Baroness Hamwee: My Lords, I rise to give the noble Baroness a little more thinking time before she answers that question. Perhaps I may ask her about ethical standards and conduct, a point raised by my noble friend. The Local Government Act 2000, which introduced the new conduct regime, states in Section 41 that the Secretary of State may by order specify the principles which are to govern the conduct of members and co-opted members, so that the order is about the principles. A co-opted member is defined as someone who is a member of a committee or sub-committee, or represents the authority on a joint committee and is entitled to vote. It seems to me that an appointed member does not fall within that definition. Is it the use of what will be new Section 16A(3)(e) which allows for regulations as to the,
I may appear to be labouring the point, but if we are to have a new class of person, not only should we have an assurance that the standards regime will apply to them but we should understand how it does.
Baroness Crawley: My Lords, I have given an assurance to the noble Baroness, Lady Hamwee, that the full standards regime will apply to appointed councillors. I will write to her with more detail on the chapter and verse of what the standards regime currently provides for co-opted and unopposed councillors.
Baroness Scott of Needham Market: My Lords, I am grateful to noble Lords who have contributed to this short but important debate. The Government intend to introduce a new category of people into local governmentpeople who will have been appointed and not elected. I do not think we should lose sight of that; it is a very important departure from the principles of local democracy.
I was accused earlier of a counsel of despair and negative thinking. But the noble Baronesss assertion that because it is not always easy to find people to stand we should just give up and start appointing people really is a counsel of despair. If it extended to other tiers of government, it would be desperately worrying.
My noble friend Lord Greaves asked the Government how this will be monitored. The Government do not even know how many parish councils there are. I have been told this by the national association. There is not a list held of how many there are, where they are and what their names are. It has never been known. It is not only this Government who do not know; no Government have ever had this information. So if the Government do not know that, they are not going to know how these powers are being used. The proposal may be full of good intentions and considered a way of bringing in 16 and 17 year-olds, but it will be interesting to see how many of these young people are appointed. As far as I can see, other than that category, every other person who could be appointed to a council could be co-opted under current procedures.
The noble Earl said: My Lords, in asking my Question, I take particular pleasure in welcoming the noble Lord, Lord Darzi, to his place on the Government Front Bench. The noble Lord is known to all of us as one of this countrys most distinguished surgeons. Indeed, accolades that pepper his biography bear witness to the extraordinary standing which he enjoys internationally in the field which he has made his own: minimally invasive surgery and, in particular, the development and use of surgical robots. The rich mix of his family roots, which extend from Armenia to Iraq and to Ireland, makes us appreciate how fortunate we are that his feet are now firmly planted in the soil of this country. At St Marys and at the Royal Marsden, where he currently practises, his contribution to the well-being of patients is pre-eminent, and I have no doubt whatever that his acceptance of the Prime Ministers invitation to serve in a ministerial capacity reflects his desire to make an equivalent contribution to the well-being of the NHS and the nation. May he prosper in that endeavour and may he continue to bring his own very wise perspective to the deliberations of Government.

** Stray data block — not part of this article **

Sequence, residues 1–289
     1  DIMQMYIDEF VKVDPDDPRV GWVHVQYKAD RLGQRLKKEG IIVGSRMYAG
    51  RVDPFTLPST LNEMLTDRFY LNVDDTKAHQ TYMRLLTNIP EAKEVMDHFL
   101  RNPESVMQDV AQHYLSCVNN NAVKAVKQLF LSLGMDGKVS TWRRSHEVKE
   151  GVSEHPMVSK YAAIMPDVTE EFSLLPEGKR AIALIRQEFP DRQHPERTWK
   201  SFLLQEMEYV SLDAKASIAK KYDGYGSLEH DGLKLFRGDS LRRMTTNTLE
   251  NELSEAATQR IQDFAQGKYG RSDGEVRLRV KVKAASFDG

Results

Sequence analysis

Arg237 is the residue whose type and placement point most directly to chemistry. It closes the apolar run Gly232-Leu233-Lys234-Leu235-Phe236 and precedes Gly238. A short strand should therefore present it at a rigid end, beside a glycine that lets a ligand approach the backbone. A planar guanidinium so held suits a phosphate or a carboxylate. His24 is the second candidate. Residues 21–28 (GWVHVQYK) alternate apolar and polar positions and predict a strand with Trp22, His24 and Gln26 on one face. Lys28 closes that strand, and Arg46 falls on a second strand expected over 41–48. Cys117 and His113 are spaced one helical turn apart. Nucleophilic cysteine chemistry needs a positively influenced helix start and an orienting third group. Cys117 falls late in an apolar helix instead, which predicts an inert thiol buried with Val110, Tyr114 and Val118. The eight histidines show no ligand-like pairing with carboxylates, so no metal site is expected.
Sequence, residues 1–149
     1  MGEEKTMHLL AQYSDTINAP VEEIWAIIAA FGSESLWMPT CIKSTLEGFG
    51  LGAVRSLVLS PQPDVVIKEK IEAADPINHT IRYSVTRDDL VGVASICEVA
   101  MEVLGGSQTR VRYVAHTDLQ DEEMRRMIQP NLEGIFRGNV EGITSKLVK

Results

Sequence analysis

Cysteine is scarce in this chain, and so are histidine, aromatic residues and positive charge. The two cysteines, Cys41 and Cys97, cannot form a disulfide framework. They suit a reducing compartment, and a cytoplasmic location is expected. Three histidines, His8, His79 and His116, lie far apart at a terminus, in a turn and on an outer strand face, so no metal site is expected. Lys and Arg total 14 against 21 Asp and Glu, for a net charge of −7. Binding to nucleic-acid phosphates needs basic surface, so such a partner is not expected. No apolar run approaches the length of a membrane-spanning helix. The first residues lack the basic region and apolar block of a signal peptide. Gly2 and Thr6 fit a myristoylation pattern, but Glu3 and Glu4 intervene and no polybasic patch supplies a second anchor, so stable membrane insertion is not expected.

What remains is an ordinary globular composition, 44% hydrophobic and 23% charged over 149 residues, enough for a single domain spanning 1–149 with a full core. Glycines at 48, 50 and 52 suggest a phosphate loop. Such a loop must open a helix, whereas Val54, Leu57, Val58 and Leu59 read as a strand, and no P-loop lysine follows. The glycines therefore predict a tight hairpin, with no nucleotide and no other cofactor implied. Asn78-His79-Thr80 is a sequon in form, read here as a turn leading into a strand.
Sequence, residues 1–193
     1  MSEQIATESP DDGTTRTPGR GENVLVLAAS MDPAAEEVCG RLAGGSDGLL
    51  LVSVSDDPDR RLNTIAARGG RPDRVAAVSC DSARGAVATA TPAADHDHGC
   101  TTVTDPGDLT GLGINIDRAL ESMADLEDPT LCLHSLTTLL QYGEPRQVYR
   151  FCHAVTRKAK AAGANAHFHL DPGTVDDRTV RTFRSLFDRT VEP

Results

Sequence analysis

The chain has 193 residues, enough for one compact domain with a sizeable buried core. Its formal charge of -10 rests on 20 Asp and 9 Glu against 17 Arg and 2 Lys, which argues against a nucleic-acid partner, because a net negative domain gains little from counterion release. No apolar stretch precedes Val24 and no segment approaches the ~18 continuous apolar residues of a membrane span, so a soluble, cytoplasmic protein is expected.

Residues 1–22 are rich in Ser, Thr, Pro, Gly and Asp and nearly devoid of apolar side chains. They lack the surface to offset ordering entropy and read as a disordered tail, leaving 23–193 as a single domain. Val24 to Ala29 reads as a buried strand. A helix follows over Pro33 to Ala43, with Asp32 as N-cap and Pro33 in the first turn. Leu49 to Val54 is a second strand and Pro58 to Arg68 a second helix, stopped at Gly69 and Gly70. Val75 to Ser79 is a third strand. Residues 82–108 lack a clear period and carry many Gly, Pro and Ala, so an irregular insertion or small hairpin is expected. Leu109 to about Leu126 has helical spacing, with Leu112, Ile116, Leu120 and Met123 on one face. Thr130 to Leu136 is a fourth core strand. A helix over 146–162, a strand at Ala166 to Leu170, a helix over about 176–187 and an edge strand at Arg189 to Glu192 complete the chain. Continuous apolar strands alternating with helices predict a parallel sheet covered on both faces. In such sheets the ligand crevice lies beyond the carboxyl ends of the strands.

The Question on the Order Paper is perhaps rather transparently a carrot to lure the noble Lord to this Chamber. Nevertheless, I hope he will agree that a debate on the subject is timely and useful. The report published in July on NHS services in London was very much the product of the noble Lords careful efforts, and he is to be congratulated on having tackled head-on some extremely difficult issues. The headlines which his report generated were all about the reconfiguration of health provision in London, and a major reconfiguration at that. But in order to understand those proposals, we need to see how the noble Lord got there. His starting point was, if I may venture to say, the right one, and indeed the only possible one; namely, the health needs of Londons population. Londons population is expanding; it is getting steadily older; it has an unusual ethnic mix; and its health problems are writ large in high rates of drug addiction, sexually transmitted diseases, TB and mental illness. London has some first-rate hospitals and healthcare facilities, but there are parts of the city where healthcare provision is, frankly, inadequate and health inequalities are stark. The east and north of London have sparser GP coverage and sometimes lower funding levels than other areas, yet they have a higher incidence of ill-health. The burden of immigrants in certain parts of the city accentuates many of these problems.